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Spencer Rascoff
Newsmakers. 2014. Lexile Measure: 1270L. From World History In Context.
Born: 1975? in New York, United States
Nationality: American
Occupation: Chief executive officer

Spencer Rascoff serves as chief executive officer (CEO) of, the online real-estate database that revolutionized house-hunting in the 21st century. A veteran of the first dotcom boom of the late 1990s, Rascoff was one of the founders of the discount-travel Web site Hotwire. The Harvard graduate joined Zillow in its start-up phase and was promoted to CEO in 2010 as it moved to become a publicly traded company.

Father Managed Presley Estate

Rascoff keeps a modest public profile but does reveal on his Web site that he attended the Dalton School in Manhattan and the Harvard-Westlake School in Los Angeles. His parents, Joe and Jane Rascoff, came from families with roots in Queens and Long Island, New York. His father is a graduate of the elite Wharton School of Business at the University of Pennsylvania and served as the business manager for the estate of the late singer Elvis Presley in the 1980s. Later, the elder Rascoff joined the trusted management team inside the Rolling Stones' corporate organization.

Spencer Rascoff made his first appearance in the national news media in the spring of 1977, when a New York Times journalist interviewed visitors to the Ninth Avenue food fair. Reporter Mary Breasted reported that Jane and Joe had cycled downtown with Justin, age four, and 18-month-old Spencer, from their neighborhood at Park Avenue and 87th Street. The Rascoffs eventually relocated to the Los Angeles area. Justin Rascoff excelled in academics and athletics at the Harvard School for Boys, a private prep school in the Studio City area of Los Angeles and led student opposition to a proposed merger with the all-female Westlake School in Holmby Hills. Justin Rascoff was editor of the school newspaper and headed for Princeton University when he died in a car crash two days before his Harvard School graduation ceremony in May of 1991. Rascoff's brother had just dropped off the school paper's page proofs--the pre-digital-era slabs that were typeset then printed with ink onto newsprint--of his last issue as editor when his car spun off Ventura Highway and burst into flames.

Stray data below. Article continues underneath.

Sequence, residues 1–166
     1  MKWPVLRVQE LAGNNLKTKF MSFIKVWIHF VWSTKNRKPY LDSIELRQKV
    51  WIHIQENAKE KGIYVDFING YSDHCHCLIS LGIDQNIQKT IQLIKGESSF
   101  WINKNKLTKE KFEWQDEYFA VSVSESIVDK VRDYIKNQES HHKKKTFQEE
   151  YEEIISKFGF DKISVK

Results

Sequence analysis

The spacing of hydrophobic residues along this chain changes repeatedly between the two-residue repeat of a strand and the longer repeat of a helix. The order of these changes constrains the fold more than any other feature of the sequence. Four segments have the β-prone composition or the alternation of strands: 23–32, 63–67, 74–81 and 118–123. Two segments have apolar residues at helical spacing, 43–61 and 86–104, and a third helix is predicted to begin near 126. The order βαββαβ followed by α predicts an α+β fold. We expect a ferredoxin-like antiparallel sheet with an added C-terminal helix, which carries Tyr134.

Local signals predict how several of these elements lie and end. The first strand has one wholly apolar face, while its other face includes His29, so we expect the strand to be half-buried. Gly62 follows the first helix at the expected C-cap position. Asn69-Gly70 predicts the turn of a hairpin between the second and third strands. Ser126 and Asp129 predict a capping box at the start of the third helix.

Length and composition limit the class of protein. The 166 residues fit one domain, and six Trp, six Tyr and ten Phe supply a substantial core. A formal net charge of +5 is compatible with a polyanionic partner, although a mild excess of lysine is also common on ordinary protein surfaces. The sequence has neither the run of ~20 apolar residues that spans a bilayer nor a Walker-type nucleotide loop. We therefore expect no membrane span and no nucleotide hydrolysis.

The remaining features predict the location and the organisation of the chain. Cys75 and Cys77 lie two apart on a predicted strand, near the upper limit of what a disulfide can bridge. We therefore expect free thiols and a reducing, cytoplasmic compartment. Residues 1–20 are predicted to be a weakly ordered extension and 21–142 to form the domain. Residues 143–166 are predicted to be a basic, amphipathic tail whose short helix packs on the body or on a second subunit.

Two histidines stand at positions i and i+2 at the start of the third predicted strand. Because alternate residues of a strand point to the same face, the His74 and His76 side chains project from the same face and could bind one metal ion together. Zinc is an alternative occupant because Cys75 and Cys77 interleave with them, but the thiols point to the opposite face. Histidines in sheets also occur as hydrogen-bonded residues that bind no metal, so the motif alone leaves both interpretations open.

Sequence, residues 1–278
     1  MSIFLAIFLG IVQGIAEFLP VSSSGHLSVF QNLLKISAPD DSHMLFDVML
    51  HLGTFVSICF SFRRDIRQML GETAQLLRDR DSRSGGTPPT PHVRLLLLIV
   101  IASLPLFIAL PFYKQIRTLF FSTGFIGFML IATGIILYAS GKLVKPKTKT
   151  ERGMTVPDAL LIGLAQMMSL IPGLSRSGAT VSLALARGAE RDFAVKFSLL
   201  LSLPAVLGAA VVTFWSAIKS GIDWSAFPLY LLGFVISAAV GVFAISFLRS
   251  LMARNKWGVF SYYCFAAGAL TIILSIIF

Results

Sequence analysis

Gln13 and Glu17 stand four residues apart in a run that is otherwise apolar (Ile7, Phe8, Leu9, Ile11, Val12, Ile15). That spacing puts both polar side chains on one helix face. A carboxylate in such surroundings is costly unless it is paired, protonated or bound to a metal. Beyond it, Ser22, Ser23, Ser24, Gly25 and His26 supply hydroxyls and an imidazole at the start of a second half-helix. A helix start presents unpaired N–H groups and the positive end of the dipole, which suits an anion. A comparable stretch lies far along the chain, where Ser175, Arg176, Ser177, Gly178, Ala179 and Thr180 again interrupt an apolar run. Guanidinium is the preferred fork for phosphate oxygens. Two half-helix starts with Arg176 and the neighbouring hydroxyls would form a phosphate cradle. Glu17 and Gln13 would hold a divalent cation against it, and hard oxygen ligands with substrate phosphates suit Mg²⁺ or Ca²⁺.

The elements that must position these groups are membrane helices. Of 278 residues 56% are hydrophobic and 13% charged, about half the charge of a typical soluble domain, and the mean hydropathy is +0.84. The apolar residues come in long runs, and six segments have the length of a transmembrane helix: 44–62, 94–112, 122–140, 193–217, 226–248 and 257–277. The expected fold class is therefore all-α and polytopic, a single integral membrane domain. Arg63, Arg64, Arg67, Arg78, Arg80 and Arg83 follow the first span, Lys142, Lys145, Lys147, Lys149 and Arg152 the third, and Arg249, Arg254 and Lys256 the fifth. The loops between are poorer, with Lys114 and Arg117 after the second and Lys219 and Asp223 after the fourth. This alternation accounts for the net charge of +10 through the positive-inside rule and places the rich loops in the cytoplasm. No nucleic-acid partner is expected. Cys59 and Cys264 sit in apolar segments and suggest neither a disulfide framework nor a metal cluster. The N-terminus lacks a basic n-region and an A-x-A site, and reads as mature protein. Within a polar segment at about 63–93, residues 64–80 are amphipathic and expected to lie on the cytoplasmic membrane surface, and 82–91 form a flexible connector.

Worked on Wall Street

Spencer Rascoff graduated from the same school, the newly merged Harvard-Westlake, in 1993 and also served as editor of the school newspaper. He went on to the other Harvard, the Ivy League university in Cambridge, Massachusetts, where he majored in government and graduated cum laude in 1997. "It seemed more practical than academic," he later admitted in alumni notes for Harvard University's Department of Government Web site about his choice of major. Though his undergraduate degree was not directly applicable to a career in investment banking or Internet start-ups, he added, it "did teach me critical thinking, improved my writing ability, and has made me a better public speaker."

Rascoff met his future wife at Harvard and went to work on Wall Street after their graduation in 1997. After a stint at the investment-banking giant Goldman Sachs, Rascoff and his wife moved to San Francisco, where he was hired at a private-equity firm, TPG Capital. In 1999 he and five other entrepreneurs founded Hotwire, a discount travel Web site. Cleverly named after a slang term for starting a car ignition without the key--a method perfected by auto thieves--Hotwire launched in 2000 and quickly captured market share in just a few short years with its discount offers on airfare, hotel rooms, and car rentals. The company, originally funded by TPG Capital, was sold to Barry Diller's massive IAC/InterActiveCorp (IAC) in 2003, and Rascoff was brought along to serve as vice president for lodging for Expedia, which was also part of the IAC realm.